|Index||3 reviews in total|
Alice Roberts is a good choice for a TV natural history presenter but
she doesn't quite save this program.
For me there is too much repetition of the animations. There is also no overall progression or narration to the show and the series doesn't quite get anywhere.
To sum up why this isn't that great.... too many animation repetitions, no substantial questions that lead to roundly answered off answers using overlay shots, animations and narrated explanations. Also too many nice fly-by shots of Roberts on a rock, Roberts on an icy rock, Roberts on another rock in the desert.
I like that they tried - the program makers just need to try harder and learn from great documentaries (Planet Dinosaur or what she did in the Origins of Us).
This has all the mistakes of the current crop of BBC documentaries.
1. An extremely painful style of delivery in voice over. This one is not quite delivered as 'reading to 4 years', but Alice Roberts is nearly that bad. That contrasts sharply with when she is talking to scientists; then she is just fine.
2. Irritating techniques of direction. I lost count of the sections delivered with her walking away from the camera, talking over her shoulder. It was supposed to be lively and engaging, in fact it came across as just bad manners.
3.More seriously, a complete failure to distinguish between 'fact' (or nearly certain fact) and conjecture. The often repeat CGI of the mating battle of male Glyptodons is pure conjecture. OK, but based on what? We weren't told. We weren't actually told it was a guess a either. There were many other such instances.
I can see what they are trying to do, but people who are satisfied with Eastenders et al (long running UK soap) are never going to watch a program about science, no matter what you do to make it 'accessible' and undemanding.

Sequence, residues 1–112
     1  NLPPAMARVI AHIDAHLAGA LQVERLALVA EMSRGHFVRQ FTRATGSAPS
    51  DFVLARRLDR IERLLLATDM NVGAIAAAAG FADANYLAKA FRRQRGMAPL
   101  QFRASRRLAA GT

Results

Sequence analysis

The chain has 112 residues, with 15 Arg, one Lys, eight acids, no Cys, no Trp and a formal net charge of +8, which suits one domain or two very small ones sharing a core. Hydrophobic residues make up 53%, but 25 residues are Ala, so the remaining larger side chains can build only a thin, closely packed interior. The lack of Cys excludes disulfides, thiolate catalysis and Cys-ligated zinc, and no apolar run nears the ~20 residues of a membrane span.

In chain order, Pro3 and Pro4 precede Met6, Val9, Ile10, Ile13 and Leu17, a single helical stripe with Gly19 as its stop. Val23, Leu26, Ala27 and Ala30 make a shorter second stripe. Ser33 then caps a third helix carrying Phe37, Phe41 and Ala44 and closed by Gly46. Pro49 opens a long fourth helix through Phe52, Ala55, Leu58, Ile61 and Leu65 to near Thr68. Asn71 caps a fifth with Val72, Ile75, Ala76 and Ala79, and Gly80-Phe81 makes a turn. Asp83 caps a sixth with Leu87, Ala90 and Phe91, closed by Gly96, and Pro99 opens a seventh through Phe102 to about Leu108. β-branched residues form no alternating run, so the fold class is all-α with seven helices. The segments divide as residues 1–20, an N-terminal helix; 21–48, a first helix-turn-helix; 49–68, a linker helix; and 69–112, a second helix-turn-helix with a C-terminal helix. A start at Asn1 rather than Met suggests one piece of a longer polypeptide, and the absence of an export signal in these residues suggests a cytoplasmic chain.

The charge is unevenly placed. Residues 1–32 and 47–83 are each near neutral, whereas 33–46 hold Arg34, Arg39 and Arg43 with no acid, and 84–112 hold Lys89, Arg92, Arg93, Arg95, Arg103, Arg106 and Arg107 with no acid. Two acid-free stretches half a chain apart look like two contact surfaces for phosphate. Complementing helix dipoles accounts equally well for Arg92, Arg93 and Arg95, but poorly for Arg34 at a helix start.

*** This review may contain spoilers ***
I generally try to stay positive about documentaries because they are
about facts and not business. However, in this day and age we have the
tools and know-how to make documentaries very interesting. In that
context this series fails.
Make no mistake, people who are very interested in fossils and anatomy will love this. But I am speaking from an average viewer's perspective.
Two of the three episodes are named after carnivores but the documentaries themselves are overwhelmingly about herbivores. They have about 3 times as much screen time as the carnivores. The names were probably given to attract viewers but if they understood that carnivores are more attractive then why not give them some more screen time ? Its the truth. Carnivores are simply more interesting to look at.
I personally believe this kind of documentaries work best with a narrative and this didn't have one. Far too much time is spent on things that would hardly interest the majority of viewers, like looking at fossils and rocks. They should have focused on the animation.
The animation itself is wonderful though. Never before have I seen a Smilodon walk with a grace that I believe closely resembles the true animal. The animations have quality in them but there's not enough of it.
The background music should have been better. Its been 20 years since "Eternal Enemies". Nobody learned a damn thing.
All this series had to do was use its great animation to show how carnivores coexisted in the plains south of the ice sheets. Things like the wooly mammoths and rhinos could have still featured in more interesting ways, like in interaction with the carnivores. But although the show has its moments, overall its quite boring and I fell asleep at a few points.
I give it 6/10.
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